On average, we met once a month as a study group to set curricular goals, select and evaluate literature for classroom use, and share classroom experiences in regards to student discussions and teaching difficulties and surprises. The more we talked and shared about our work during the year, the more we recognized making connections was at the heart of our discussions. In what follows, Dara, an English teacher, describes how one literature study at the beginning of the year, in particular, helped her begin to think more deeply about how connections matter.
Connecting to the World through Book Study: Dara Bradley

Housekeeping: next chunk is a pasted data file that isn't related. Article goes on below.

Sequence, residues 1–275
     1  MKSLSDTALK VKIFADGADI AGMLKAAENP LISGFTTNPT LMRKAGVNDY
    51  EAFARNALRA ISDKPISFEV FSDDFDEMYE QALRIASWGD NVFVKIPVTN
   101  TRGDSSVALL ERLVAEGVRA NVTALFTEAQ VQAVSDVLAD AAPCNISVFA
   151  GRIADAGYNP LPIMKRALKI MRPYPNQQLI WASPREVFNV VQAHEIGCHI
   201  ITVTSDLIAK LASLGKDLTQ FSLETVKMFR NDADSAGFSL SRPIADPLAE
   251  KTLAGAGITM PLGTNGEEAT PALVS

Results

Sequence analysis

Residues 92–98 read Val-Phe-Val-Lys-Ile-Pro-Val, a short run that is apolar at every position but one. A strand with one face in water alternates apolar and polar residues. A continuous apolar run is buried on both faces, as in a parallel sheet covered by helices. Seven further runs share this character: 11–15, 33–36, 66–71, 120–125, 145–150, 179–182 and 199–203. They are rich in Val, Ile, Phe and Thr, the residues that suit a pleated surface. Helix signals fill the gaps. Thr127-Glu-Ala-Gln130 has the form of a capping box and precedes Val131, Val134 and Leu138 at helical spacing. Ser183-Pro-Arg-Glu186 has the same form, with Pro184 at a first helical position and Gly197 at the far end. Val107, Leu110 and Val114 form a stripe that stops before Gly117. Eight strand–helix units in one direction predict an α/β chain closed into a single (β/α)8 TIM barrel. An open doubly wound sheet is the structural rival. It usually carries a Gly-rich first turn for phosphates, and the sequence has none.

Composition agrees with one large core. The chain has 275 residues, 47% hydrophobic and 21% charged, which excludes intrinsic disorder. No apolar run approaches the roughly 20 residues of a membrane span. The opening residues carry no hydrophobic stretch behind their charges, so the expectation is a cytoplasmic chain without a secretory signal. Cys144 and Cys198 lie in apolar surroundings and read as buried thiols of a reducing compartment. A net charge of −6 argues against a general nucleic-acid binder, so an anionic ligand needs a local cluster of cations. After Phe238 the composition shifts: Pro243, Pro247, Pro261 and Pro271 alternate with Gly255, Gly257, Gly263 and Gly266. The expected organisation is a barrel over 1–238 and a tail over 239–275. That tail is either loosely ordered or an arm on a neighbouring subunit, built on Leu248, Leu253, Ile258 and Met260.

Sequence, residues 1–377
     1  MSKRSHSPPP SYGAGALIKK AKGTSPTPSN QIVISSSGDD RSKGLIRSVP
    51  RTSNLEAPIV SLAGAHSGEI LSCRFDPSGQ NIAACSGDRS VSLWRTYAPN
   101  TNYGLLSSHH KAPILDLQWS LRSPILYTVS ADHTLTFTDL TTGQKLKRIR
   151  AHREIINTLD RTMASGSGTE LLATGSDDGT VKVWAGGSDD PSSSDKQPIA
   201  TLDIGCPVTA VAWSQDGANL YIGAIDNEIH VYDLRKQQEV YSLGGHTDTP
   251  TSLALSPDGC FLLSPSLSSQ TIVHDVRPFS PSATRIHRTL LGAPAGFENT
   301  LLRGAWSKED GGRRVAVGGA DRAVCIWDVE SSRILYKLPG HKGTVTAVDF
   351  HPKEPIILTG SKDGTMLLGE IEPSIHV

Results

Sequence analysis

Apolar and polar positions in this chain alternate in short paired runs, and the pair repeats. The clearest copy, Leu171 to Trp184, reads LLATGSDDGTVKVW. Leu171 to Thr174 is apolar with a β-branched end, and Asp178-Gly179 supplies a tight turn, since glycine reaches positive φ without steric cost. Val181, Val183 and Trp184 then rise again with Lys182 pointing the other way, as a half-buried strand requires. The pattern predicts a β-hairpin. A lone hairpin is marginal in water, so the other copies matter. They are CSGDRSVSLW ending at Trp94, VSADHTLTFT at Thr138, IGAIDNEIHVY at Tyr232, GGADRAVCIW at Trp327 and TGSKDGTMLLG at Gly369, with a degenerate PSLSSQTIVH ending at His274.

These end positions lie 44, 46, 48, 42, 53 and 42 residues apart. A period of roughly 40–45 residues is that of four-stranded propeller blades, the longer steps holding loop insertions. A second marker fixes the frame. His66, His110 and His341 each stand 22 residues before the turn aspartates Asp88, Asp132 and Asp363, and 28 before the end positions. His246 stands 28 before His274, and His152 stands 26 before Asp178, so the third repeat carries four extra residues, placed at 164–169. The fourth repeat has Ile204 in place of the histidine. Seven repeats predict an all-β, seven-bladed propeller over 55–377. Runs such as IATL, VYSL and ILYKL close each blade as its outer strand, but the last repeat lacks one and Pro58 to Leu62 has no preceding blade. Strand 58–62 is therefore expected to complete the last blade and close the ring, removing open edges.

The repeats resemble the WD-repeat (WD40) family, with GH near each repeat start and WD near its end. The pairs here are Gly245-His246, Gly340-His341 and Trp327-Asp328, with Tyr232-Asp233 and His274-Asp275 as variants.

As a veteran reading teacher, turned first year high school English teacher, I was trying to find books that students would both enjoy and that would fit into the world literature class curriculum I was expected to cover. More importantly, I wanted students to be able to connect to characters outside of their own understandings of the world. They needed to be able see themselves as living and practicing citizens who belonged to an ever-changing global society. My tenth-grade classroom consisted of “at risk” secondary students who began their school careers in other buildings around the district. Most of them had sat through years of teaching that minimally addressed their day-to-day concerns. I wanted to help them process their own life experiences while opening up opportunities to look at the world differently. I hoped using literature set in global contexts could instill a greater curiosity of the world and confront them with ideas and practices from differing vantage points.